Chinese New Year

Renmin Road near midnight.

Renmin Road near midnight.

Chinese New Years day was last Thursday, the 19th of February. Much like new years celebrations in the west the night before is a time to gather with friends and family so we can eat, drink, and set shit on fire in the streets at midnight. Ok, so maybe we don’t set off tons of explosives in the streets on New Years Eve in the west, but we should really think about doing it from now on because it is awesome. Our personal celebration was pretty low-key compared to the locals. We had a late nap, a nice big dinner, tacos I think – very Chinese, and sat around waiting for midnight to come so we could grab the cameras and hit the streets looking for action. We didn’t go far because our hotel, as well as many in the district, had fireworks displays of their own – and by fireworks displays I mean they block off a section of the main road in town, The People’s Road, set out scores of boxes containing 20-50 mortars apiece, and then light them up at the stroke of 00:00.

This is a picture of fireworks hitting our apartment windows on the 20th floor. There is a lot of looking the other way when it comes to safety on this particular day.

This is a picture of fireworks hitting our apartment windows on the 20th floor. There is a lot of looking the other way when it comes to safety on this particular day.

Before I go any further I must explain that Chinese New Year, or the Chinese Spring Festival, isn’t  just arsonists running wild in the streets. We have only lived here a few months and don’t know every detail of the celebration but the gist is that it is a time for families to reconvene and prepare for a new and prosperous year. People buy small gifts for each other, give ornately decorated red envelopes of money to their favorite people, and cook elaborate feasts. There are lion dances and beautiful red and gold decorations everywhere, and my favorite part is that everyone seems to be enjoying themselves. The stores are mobbed and the lines are incredible but everyone is jazzed to be back in their hometown with their families. We may have to see about importing some friends and family members over for next year’s festival.

The sparklers here are pretty impressive.

The sparklers here are pretty impressive.

Within the tradition there is a good reason for the fireworks and the red decorations. Legend has it that the Nian, a beast with extreme appetites and a bad-ass attitude, would come down from the mountains or out of the sea each spring and eat all the stored food in the villages, then when that was finished the Nian would start eating all of the people as well. Naturally this sort of unchecked aggression would not stand (man) so someone figured out what the bad-ass beast was scared of – the color red and loud fireworks – Bob’s your uncle, crisis solved and a celebration is created.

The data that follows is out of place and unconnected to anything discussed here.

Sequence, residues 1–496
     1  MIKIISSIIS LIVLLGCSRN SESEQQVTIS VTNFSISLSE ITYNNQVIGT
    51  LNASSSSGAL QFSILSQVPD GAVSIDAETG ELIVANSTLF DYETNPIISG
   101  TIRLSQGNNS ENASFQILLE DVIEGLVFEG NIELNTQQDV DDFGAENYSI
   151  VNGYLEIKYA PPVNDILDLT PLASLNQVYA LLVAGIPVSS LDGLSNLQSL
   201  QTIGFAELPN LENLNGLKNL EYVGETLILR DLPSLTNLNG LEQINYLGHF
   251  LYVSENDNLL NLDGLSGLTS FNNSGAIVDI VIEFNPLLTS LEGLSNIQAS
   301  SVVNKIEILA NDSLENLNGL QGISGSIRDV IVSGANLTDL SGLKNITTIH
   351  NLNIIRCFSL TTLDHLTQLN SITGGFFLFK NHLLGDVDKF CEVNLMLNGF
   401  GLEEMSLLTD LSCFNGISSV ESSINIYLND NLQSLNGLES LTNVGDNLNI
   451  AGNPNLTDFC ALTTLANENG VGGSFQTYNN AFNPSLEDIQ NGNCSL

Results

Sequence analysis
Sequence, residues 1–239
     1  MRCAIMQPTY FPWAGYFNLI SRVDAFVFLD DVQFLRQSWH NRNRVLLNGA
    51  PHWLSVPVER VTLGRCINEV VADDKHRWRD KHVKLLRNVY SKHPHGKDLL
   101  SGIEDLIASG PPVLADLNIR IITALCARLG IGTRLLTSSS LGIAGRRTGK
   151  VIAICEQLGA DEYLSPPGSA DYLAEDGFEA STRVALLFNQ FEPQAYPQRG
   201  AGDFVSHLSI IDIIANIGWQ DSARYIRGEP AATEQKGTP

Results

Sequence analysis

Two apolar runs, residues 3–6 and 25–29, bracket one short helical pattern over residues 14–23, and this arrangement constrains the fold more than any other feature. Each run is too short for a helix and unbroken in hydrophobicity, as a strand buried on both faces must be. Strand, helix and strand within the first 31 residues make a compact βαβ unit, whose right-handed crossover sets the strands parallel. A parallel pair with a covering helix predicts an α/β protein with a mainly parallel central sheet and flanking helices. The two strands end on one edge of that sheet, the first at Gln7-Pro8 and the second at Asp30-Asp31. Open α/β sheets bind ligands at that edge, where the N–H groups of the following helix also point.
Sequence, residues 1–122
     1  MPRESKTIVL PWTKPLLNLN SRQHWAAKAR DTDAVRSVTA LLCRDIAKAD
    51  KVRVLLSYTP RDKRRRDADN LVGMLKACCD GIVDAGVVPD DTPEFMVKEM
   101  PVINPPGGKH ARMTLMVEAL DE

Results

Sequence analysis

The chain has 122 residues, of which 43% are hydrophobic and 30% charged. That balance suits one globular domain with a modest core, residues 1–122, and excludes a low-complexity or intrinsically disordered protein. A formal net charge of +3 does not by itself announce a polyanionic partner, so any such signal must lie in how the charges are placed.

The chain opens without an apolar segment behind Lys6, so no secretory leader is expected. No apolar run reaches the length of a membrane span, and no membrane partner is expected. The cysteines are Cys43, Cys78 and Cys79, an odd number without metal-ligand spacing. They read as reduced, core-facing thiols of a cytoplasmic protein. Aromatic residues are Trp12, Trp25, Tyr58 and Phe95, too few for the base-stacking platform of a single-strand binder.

This is down a few blocks from our apartment. Could you imagine the colective hissy fits that local fire marshals would be having in the US. Not a big deal here.

This is down a few blocks from our apartment. Could you imagine the collective hissy-fits that local fire marshals would be having in the US? Not a big deal here.

This is the lower half of our hotel's big show.

This is the lower half of our hotel’s big show.

And this would be the upper half from a slightly different angle as I nearly got hit by a car after the shot above.

And this would be the upper half from a slightly different angle as I nearly got hit by a car after the shot above.

One more for good measure.

One more for good measure.

And this is what it looked like after it was all done. Decoration lights are off and everyone went in to warm themselves.

And this is what it looked like after it was all done. Decoration lights are off and everyone went in to warm themselves. Not sure whose job it was to clean up but everything was pretty well cleaned up by morning.

The following day I went down hard with a man-sized cold (I think) and I am just now starting to feel right again. Because I was sick we didn’t do much more celebrating that didn’t involve NyQuil. The Spring Festival is still going though and I am told that this Wednesday evening will be another big night for fireworks so maybe I will have more for you soon. The Lantern Festival is the official end of Chinese New Year festivities and this year it is held on March 5th, but most people will go back to their jobs this Thursday. Traffic will pick back up, the decorations will be put away for another year, and we will all move into the spring and the new year afresh. Gong xi fa cai!

© Peter Molgaard and Afield Book, 2012-2015. All Rights Reserved. Unauthorized use and/or duplication of photographs and original content without express and written permission from this blog’s author and/or owner is strictly prohibited. Excerpts and links may be used provided that permission is granted and that full and clear credit is given to Peter Molgaard and Afield Book with appropriate and specific direction to the original content. If you would like to use any of the imagery displayed you may send your requests to molgaardpmo@gmail.com

 

5 thoughts on “Chinese New Year

  1. It is very nice to see these very good pictures and blog. And be a free lance photographer is my dream job.
    Tell me if you need assistant here in Dalian for your adventure. I am glad to join and learn to be a photographer.

  2. Sorry for a late response. Last week is a very busy week for my project.
    It will be great to go shooting somewhere. Spring is the best season for Dalian. We can also join some activities organised by some photographer fans group. Definitely, you can enjoy a lot.
    By the way, it is also a good excuse for me to buy a new lens.

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